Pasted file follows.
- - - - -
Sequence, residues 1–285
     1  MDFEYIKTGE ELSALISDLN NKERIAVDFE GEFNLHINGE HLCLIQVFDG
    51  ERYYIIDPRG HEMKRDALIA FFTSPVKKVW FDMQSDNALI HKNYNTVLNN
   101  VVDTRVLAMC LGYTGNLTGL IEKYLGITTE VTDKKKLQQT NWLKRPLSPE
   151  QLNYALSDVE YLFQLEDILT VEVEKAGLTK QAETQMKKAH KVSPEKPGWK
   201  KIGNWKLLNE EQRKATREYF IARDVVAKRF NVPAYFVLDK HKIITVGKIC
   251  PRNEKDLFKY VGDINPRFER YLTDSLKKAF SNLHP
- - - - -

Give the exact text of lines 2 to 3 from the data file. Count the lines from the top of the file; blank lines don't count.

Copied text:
     1  MDFEYIKTGE ELSALISDLN NKERIAVDFE GEFNLHINGE HLCLIQVFDG
    51  ERYYIIDPRG HEMKRDALIA FFTSPVKKVW FDMQSDNALI HKNYNTVLNN